didn't so much create new concepts of whole cloth, but recast them into
I think that's true of us too... Our philosophy is significantly different
from that of the rishonim more because we're asking different questions
than because we have different postulates. Most of us today assume
universal hashgachah peratis not because we contradict the rishonim,
but because we live in an era where popular worldviews tends to share
the influences that brought Kant and the Existentialists to the fore.
They asked ontological questions, we're asking experiential ones.
: G-d to the soul of man, making Him more the sort of Soul of the
: Universe, Who's Will sustains and directs the spiritual and physical
: world which we inhabit. If man is holy, then G-d is Holy, in an
: absolute way that transcends us, just as His Will (and its effects)
: and His Machshavos transcend ours. This is the G-d I believe in.
There is a causal relationship between G-d and the olamos that doesn't
exist for soul and body. Also, because of this, the body restricts the
soul -- free will does not include things the body can't physically
do. G-d, OTOH, is only restricting Himself, since He could have created
the universe otherwise.
:> I'm identifying the
:> higher metaphysical entities with emotion. You asked (roughly) whether
:> qedushah is a metaphysical state or an emotion. I'm answering with the
:> suggestion that they are the same thing. Human emotions are metaphysical
:> entities; the state called qedushah is a real and ontological entity.
:> It's also the feeling of qedushah.
:> This is how the tradition of the Gra and developed by the baalei mussar
:> asserts that repairing one's soul is the same thing as repairing one's
:> middos and desires.
:> Also, REED (MmE vol I pp 304-312) identifies the higher olamos with more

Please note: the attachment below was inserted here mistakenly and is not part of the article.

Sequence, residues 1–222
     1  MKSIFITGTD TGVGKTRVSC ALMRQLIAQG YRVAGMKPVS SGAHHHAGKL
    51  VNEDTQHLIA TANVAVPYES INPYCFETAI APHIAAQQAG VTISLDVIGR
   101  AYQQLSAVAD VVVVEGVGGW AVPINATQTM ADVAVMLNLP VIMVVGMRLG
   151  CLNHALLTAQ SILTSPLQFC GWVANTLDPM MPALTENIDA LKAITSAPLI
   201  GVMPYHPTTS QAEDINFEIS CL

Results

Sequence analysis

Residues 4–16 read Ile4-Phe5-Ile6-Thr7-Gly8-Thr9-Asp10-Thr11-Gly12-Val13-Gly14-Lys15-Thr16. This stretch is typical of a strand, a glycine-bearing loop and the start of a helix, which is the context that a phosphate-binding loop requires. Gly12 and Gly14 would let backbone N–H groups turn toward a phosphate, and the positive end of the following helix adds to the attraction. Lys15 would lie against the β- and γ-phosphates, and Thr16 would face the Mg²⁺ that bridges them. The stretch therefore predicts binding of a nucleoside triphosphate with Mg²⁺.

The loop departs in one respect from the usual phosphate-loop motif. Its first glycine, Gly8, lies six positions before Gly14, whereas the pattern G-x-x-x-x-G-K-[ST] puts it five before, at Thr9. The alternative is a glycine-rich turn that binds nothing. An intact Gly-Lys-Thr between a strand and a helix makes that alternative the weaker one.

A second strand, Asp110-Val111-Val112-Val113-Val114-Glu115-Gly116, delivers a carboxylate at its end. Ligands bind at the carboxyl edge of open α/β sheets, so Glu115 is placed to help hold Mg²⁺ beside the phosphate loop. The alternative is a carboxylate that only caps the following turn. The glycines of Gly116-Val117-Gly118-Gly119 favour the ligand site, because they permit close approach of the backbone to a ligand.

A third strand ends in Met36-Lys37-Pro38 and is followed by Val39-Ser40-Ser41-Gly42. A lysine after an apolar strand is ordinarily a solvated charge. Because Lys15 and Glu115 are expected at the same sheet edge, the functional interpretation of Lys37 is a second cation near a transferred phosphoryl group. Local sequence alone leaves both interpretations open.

:> noble ways of perceiving reality. (I wrote about this at more length at
:> <http://www.aishdas.org/mesukim/5764/beshalach.pdf>.) Not quite the same
:> thing, but IMHO part of the same larger picture. The idea that these
:> metaphysical realities and psychological ones aren't quite distinct.
: I still like this part, but its novel to me that kedusha (forgive me,
: but the "q" thing drives me insane) and the experience of kedusha
: would be one and the same. I think I can get used to that idea,
: except that when I'm asleep, is my soul no longer holy? Also, is it
: G-d's perception / feeling of kedusha (presumably associated with
: Himself, a sort of sense of self-worth) that makes Him Holy? (I know
: you don't believe that G-d has perception or feeling, but humor me
: here, because frankly, your conception of G-d is close to meaningless
: for me, unless you're saying that G-d is just some Spirit of Holiness,
: without any other dimensions, including knowledge of His Creation,
: which would bother me. And don't try to claim He has knowledge, but
: not experience, because precedent calls for both if any one is
: present, unless G-d has the instinct of a snail--which is greater
: blasphemy to me)
I recommend learning RSShkop's introduction to Shaarei Yosher. See
<http://www.aishdas.org/asp/ShaareiYosher.pdf>, the Hebrew starts at the
end and works backward. It's not a theological peice as much as an
anthropological one. Here's what RSS says about qedushah (translation
> For everything He created and formed was according to His Will (may it
> be blessed), [that is] only to be good to the creations. So too His Will
> is that we walk in His ways. As it says "and you shall walk in His Ways"
> -- that we, the select of what He made -- should constantly hold as our
> purpose to sanctify our physical and spiritual powers for the good of